Thinking Big and Thinking Small

Some of us are big picture thinkers and some of us are detail focused. I don’t think that one approach has any advantage over the other, they both are necessary. What is really an asset is the ability to shift between seeing the whole and working with the component parts.

When we look at planning with assessment in mind we should always be asking ourselves, “Why am I doing this?” Am I teaching this because it came from a unit program, or was passed down from a colleague? Am I teaching this because that’s the way I’ve done it in the past? Perhaps I’m teaching this to get at a specific curriculum expectation, or I’m teaching this because this is where my students are at. All of these can be an appropriate answer, if you can bring it back to “why”.

Being able to answer “why” helps us understand our assessment plan. It helps us define our success criteria by task or by learning goal. Are we writing a narrative to learn how to write a narrative, or are we using this as a task to get at a larger curriculum expectation? It doesn’t matter, as long as you can answer the “why”.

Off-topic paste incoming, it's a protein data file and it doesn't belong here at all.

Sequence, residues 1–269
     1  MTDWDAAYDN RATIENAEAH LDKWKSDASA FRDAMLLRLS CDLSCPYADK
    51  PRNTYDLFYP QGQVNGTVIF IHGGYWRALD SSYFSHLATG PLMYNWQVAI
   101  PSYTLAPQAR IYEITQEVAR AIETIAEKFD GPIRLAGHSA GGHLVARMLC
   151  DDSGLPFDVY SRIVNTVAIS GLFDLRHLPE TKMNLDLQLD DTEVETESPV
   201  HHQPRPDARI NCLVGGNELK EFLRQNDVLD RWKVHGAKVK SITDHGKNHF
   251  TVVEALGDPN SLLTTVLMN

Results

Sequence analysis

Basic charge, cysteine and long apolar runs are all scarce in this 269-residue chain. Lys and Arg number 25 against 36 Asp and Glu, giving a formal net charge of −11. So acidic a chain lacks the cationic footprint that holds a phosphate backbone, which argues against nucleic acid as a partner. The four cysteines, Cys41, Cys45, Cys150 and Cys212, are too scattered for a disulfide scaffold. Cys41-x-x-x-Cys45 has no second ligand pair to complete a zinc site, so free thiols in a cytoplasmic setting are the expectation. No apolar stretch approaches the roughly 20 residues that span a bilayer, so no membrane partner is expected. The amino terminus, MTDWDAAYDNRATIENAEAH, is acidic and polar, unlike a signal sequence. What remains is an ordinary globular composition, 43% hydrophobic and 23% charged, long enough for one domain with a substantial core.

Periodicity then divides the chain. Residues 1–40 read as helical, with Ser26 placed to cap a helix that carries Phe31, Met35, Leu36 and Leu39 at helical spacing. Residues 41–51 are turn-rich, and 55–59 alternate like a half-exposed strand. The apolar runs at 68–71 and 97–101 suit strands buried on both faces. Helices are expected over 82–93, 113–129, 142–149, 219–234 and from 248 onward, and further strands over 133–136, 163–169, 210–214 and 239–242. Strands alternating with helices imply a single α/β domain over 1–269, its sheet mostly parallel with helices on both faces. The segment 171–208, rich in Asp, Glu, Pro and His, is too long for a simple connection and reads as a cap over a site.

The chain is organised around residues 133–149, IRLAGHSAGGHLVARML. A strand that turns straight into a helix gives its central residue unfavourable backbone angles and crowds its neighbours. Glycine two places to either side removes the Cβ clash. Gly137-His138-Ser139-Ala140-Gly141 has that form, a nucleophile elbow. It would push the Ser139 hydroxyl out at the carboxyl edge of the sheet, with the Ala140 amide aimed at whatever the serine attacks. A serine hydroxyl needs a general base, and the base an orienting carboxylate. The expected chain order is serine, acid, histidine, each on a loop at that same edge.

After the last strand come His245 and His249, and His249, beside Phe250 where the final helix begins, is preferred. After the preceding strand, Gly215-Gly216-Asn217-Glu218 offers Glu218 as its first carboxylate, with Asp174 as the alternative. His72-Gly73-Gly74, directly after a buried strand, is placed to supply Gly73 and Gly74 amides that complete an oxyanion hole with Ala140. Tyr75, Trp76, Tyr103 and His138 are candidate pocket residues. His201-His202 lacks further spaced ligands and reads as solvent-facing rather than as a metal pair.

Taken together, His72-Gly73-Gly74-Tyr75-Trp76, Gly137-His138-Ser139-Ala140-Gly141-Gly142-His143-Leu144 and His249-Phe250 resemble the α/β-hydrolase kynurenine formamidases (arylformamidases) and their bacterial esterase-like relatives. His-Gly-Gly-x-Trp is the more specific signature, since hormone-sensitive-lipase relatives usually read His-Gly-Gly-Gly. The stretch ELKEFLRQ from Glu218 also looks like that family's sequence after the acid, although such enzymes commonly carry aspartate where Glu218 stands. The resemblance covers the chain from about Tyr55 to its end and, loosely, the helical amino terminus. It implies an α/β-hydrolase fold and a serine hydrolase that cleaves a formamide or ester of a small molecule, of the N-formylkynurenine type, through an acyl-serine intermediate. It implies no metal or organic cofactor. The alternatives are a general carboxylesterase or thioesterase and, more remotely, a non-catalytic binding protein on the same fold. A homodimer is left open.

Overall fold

Personally I find it much easier to invite a critical friend into this conversation than try to tackle it myself. Occasionally I am able to engage in a self-reflective process that will allow me to both ask and answer questions around my own assessment practice. More often than not I seek the support of a critical friend. Either way, whatever helps to clarify my assessment plan at the end of the day will move my learning and my students’ learning forward.


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